Russia says it "never supported" the government of Syrian President Bashar al-Assad.
Foreign Minister Sergei Lavrov told reporters Monday in Moscow that Russia does not support one side in the Syrian conflict over another, and criticized what he said were other countries misrepresenting Russia's policies.
"We were never enchanted with this regime. And we never supported it," he said. "And all of our actions, aimed at helping to fulfill the Geneva agreement to form the transitional body, only confirm that we want the situation to stabilize, and the creation of the conditions that Syrians can themselves decide their fate - of their own people, their own state, their own leadership."
His comments come a day after Russian Prime Minister Dmitry Medvedev said Assad made a potentially "fatal" error by delaying democratic reforms demanded by Syria's opposition. He said Assad should have acted much faster to reach out to moderate opponents, and that he believes the president's chances of remaining in power are getting smaller each day.
Russia has been a longtime supplier of weapons to the ruling Assad family and has vetoed U.N. Security Council resolutions that would have condemned him for trying to crush what began as a peaceful pro-democracy uprising.
Also Monday, Syrian opposition members met with representatives from friendly countries in Paris, where French Foreign Minister Laurent Fabius called for giving the opposition the means to defend itself and support its political aims.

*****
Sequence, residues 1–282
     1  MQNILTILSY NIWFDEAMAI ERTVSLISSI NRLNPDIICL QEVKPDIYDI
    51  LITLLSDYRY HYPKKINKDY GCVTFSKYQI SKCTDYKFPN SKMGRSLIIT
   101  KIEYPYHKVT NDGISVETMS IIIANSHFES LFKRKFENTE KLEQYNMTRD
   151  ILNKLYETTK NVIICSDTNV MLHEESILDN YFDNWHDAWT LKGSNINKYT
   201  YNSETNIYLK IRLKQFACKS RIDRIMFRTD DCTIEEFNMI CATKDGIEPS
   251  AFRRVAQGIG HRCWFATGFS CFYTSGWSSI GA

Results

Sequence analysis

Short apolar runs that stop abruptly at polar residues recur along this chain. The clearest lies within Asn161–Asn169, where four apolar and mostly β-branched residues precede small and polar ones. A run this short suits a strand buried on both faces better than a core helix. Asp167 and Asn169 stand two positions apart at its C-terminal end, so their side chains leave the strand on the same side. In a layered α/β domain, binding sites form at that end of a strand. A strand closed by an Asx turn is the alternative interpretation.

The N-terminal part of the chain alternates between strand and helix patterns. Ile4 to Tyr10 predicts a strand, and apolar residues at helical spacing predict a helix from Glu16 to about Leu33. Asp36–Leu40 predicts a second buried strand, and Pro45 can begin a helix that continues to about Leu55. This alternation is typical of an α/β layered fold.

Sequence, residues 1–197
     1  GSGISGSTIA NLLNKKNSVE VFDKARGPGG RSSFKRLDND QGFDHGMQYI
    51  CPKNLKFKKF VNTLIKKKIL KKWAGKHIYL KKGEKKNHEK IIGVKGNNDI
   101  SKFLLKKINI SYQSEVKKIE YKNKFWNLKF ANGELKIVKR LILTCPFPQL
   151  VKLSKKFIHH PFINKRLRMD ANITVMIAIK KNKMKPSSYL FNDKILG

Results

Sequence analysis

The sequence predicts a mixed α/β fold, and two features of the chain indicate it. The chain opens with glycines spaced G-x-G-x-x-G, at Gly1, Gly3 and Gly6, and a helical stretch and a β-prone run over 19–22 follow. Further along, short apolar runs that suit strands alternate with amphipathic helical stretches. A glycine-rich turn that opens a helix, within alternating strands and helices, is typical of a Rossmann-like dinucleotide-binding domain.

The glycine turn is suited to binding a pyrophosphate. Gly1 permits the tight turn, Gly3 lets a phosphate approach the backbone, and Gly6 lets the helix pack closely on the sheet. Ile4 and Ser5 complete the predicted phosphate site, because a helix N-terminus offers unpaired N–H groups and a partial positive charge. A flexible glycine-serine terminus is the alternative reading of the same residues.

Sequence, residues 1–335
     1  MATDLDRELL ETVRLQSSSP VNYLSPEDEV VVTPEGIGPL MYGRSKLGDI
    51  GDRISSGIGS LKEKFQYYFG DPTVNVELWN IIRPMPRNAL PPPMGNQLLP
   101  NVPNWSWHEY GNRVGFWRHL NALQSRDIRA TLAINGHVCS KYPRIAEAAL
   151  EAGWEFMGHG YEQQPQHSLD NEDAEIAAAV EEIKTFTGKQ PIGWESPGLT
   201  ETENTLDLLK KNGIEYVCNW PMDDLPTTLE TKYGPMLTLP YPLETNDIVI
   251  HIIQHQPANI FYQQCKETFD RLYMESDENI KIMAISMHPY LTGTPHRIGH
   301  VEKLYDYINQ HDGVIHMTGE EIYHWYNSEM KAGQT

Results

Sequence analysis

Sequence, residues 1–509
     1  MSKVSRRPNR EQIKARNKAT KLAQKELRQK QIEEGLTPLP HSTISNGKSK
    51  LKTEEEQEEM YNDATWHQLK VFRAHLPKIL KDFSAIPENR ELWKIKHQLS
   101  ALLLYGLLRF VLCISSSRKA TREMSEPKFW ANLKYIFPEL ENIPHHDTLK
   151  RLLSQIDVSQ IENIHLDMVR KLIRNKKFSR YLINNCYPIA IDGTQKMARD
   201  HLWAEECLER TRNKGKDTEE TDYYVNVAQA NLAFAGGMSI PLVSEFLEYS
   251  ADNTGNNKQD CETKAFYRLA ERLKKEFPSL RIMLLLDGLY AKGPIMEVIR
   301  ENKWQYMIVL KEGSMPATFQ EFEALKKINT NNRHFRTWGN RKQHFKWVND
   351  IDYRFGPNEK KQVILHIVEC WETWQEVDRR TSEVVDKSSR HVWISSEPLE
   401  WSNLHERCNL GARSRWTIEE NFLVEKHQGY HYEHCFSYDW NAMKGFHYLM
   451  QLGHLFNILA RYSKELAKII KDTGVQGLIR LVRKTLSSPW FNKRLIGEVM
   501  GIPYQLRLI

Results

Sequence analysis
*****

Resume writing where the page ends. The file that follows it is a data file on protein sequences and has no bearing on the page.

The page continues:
"What we all want is that Syria can free itself. And we want to avoid what we call chaos. If we don't give the means to the Syrian people to go right to the end of its liberation, we all know that there is a risk that the massacres will increase, that antagonisms will develop," said Fabius. "That extremism and terrorism will prevail. We want to fight those."
Syrian state media said Sunday the government's top judicial council has suspended legal action against exiled opposition figures, to allow them to return home for a national dialogue proposed by President Assad earlier this month. However, Syria's exiled opposition coalition has consistently refused to deal with Assad, saying he must leave power before any peace talks can begin.
U.N. humanitarian chief Valerie Amos was in Damascus on Sunday to learn more about the suffering caused by the conflict, which she has described as "catastrophic."
The U.N. is to hold a donor conference in Kuwait Wednesday, to raise funds for Syria's humanitarian crisis.
The rebellion has evolved into civil war in which majority Sunni rebels and Islamist militants have been fighting to end the 12-year rule of Assad, a minority Alawite.
The United Nations estimates that more than 60,000 people have been killed since the Syrian uprising began with pro-democracy protests in March 2011, before evolving into a civil war.
Some information for this report was provided by AP and Reuters.